I wrote this entire review while listening to the Corsair SP2500 2.1 Speaker System. I honestly couldn't help it - it's fun to listen to and a system that I can't imagine anyone would be disappointed with. It's only real deficiency, and we have yet to see a PC speaker that has overcome this, is its lack of powerful midrange. We haven't heard any 3- or 4-inch speakers that could handle the level of midrange a larger, more capable, speaker can. It's somewhat the law of physics - and you know how easy those are to violate... Still, the Corsair system is one the company should be very proud of - especially at a price point of $249. At that price these should fly off the shelves and we can heartily recommend it as a very capable 2.1 solution for those looking to get better sound with their office PC or laptop. Hook this thing up to your workstation and you might find yourself working longer and harder - just to hang out those extra few minutes in the office and listen to more music!
SP2500 2.1 PC Speakers
46221 Landing Parkway
Fremont, CA 94538
Founded in 1994, Corsair supplies high performance products purchased primarily by PC gaming enthusiasts who build their own PCs or buy pre-assembled customized systems. The company's award-winning products include DRAM memory modules, USB flash drives, power supply units, solid-state drives, cooling systems, computer cases and headset and speakers systems.
The Score Card
The scoring below is based on each piece of equipment doing the duty it is designed for. The numbers are weighed heavily with respect to the individual cost of each unit, thus giving a rating roughly equal to:
Performance × Price Factor/Value = Rating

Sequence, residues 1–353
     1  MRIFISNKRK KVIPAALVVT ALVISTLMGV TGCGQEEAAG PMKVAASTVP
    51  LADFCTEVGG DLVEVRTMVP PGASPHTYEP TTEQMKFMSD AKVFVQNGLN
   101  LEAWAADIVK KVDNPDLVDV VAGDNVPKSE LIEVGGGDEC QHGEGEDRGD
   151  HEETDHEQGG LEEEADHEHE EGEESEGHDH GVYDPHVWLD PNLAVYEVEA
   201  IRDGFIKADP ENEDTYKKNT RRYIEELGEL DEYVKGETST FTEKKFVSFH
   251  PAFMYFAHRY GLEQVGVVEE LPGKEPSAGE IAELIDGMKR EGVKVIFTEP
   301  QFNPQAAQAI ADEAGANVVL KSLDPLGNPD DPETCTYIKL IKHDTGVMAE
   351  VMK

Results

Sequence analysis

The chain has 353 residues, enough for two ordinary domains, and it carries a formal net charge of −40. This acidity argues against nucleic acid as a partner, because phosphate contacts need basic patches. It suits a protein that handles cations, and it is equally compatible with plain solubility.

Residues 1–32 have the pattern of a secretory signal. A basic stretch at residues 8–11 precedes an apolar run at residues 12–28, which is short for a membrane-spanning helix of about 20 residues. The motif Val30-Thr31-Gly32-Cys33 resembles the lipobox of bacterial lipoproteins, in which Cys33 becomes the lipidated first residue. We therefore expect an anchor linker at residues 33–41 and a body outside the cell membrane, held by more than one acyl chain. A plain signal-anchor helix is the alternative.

Audioholics.com note: The ratings indicated below are based on subjective listening and objective testing of the product in question. The rating scale is based on performance/value ratio. If you notice better performing products in future reviews that have lower numbers in certain areas, be aware that the value factor is most likely the culprit. Other Audioholics reviewers may rate products solely based on performance, and each reviewer has his/her own system for ratings.
Audioholics Rating Scale
- — Excellent
- — Very Good
- — Good
- — Fair
- — Poor
|Fit and Finish|
If anyone is placing an unshielded sub next to a computer (not recommended), at least orient the sub so the driver is orthogonal to the HD. Using right hand rule, point your thumb in the same direction the driver is in, and rotate your hand. The rotation of your hand shows you the orientation of the magnetic field.
Thus the cone of the driver should either fire directly towards or 180 deg away from the HD.
I once had a very powerful sub placed near a CRT (had no choice) and simply fired the sub drivers towards the side of the CRT and there were no magnetic field related issues.
I'm guessing they opted not to shield the sub because that's really only an issue with a CRT (at least that's what I've been led to believe - I read it on the internet, so it must be true). Since CRTs are, essentially, extinct (except on my home desktop), they're probably just saving on manufacturing costs on a feature that 99%, ok, 90% of the world doesn't need.
Hard drive are susceptible to magnetic interference far more than crts are data los is a real issue and for 250 shielding should have been included in all three parts